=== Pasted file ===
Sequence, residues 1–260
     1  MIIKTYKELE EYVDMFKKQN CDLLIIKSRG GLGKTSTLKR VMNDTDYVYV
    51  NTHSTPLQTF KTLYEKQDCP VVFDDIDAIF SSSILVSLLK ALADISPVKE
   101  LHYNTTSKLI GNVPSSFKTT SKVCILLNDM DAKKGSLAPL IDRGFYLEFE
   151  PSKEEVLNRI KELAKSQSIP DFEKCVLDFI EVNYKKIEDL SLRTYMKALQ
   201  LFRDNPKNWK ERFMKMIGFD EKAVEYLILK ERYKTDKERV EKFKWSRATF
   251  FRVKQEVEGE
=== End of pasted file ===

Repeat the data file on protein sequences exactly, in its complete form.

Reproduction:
Sequence, residues 1–260
     1  MIIKTYKELE EYVDMFKKQN CDLLIIKSRG GLGKTSTLKR VMNDTDYVYV
    51  NTHSTPLQTF KTLYEKQDCP VVFDDIDAIF SSSILVSLLK ALADISPVKE
   101  LHYNTTSKLI GNVPSSFKTT SKVCILLNDM DAKKGSLAPL IDRGFYLEFE
   151  PSKEEVLNRI KELAKSQSIP DFEKCVLDFI EVNYKKIEDL SLRTYMKALQ
   201  LFRDNPKNWK ERFMKMIGFD EKAVEYLILK ERYKTDKERV EKFKWSRATF
   251  FRVKQEVEGE